Tuesday, February 21, 2012

....mitote decolonizes modern dance.....mitote re-appropriates modern dance.....mitote gains agency over indigenous fruturity in dance....mitote leads to a non-oppressive, balance sharing of culture and dance.... mitote achieves this through acknowledgment of present indigenous knowledge, fierceness, traditional protocol, traditional avant-grade/kokopelli, and sacred time/space in the dance....mitote is a powerful dance....

A choreographer’s Life #1

A choreographer’s Life


Often I feel, we are at home, late at night, supposed to be doing some kind of writing about theory, grants, jobs, new project proposals, letters to our doctors and families and friends, but we sit there, thinking and-or looking at videos of our past rehearsals, trying to see what cannot be seen at first so that we can ever improve our work, ourselves.

Often, we sit in a room covered in piles of papers. Each pile a different subject of capsule of time and information. Each pile a different aspect of our lives. Some piles are notes from past works or performances, some are maps of our current choreographic work, some are notes for a document of theory and philosophy, which we are studying, and then there are the books. The books are everywhere! Floor, desk, bookshelf, counter, bed—the books go wherever the soul deeps perfect in chaos. Some of these books are on pedagogy, and some are about dancing, some are critical art studies, and then there is a gay community newspaper to be read at a later date. Our rooms are a mess, but with purpose and function.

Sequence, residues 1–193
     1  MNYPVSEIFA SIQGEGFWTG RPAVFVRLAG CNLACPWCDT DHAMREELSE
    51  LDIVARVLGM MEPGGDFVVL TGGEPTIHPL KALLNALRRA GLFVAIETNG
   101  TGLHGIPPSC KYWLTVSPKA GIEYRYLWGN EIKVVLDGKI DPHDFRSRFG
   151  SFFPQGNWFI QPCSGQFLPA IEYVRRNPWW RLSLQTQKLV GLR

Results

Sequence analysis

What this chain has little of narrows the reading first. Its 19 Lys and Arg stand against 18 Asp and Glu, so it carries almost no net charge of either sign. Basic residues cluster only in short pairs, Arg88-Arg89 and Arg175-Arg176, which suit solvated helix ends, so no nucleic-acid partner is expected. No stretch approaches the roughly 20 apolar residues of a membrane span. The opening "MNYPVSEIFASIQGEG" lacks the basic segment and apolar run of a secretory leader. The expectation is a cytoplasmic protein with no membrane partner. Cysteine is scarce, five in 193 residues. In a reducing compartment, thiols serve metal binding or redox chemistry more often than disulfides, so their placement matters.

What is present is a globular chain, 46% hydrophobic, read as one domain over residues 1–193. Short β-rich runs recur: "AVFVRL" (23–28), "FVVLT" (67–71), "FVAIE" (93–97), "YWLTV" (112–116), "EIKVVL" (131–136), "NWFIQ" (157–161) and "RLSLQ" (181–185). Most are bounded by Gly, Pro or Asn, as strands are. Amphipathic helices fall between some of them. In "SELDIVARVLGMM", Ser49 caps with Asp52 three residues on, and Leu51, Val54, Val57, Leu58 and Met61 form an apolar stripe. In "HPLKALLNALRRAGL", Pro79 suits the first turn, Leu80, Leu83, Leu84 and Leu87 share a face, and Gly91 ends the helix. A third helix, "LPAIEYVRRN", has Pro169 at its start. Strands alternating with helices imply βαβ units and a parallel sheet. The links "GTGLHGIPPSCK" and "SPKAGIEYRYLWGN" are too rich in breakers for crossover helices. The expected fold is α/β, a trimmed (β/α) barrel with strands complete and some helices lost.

Here, at this hour, we find tights on the floor, along with pants, ballet slippers, and the ever-present tiger balm. Ibuprofen is often in reach of our chair and desk. And, a stuffed animal is placed ever so neatly as to provide companionship in an often very solo existence. The choreographer ponders, thinks, contemplates about what is next, planning, choreographing his or her life, and the lives of his or her dancers and peoples. It is a trust, honor, respect, and endeavor they hold deeply to their hearts, for the act of making dances is not to organize a play, conduct a symphony, or create a painting…the dance is from the bodies, from the soul, from the self of the people who dance—and then it is gone. So much all at once, and then gone….

What will be the next piece? What must I create next? What must I do next? What must be done now? So many questions, lost again in books and articles and a stretch or sit-up…so much to be done…lost and found.

Again the choreographer pulls up the video of past work, and sees what is there…so much movement, so much information…what can be improved, what does this art do, what does it say, what could it mean, how is it speaking, how is it dancing, what to develop or create more, why do I not have more energy and rehearsal time and space?! Anxiety! The choreographer longs for more rehearsal, there is never enough time to get it all done, there is always more to develop and create, always more, always more…

The choreographer does not often go out, and chill with others. He or she lives in the studios, and with his or her art process. The planning for the next rehearsal is infamous, and strange—it takes too much time, and stress, yet we go on and create what others often care not to see—aye that TV!!

Words can only say so much. True, I agree, they invoke feeling, ideas, images—but that is all. Is that all you want? Invocation? What of physicalization? Made present and real? What of dance, as that next step...the choreographer ponders and creates more…..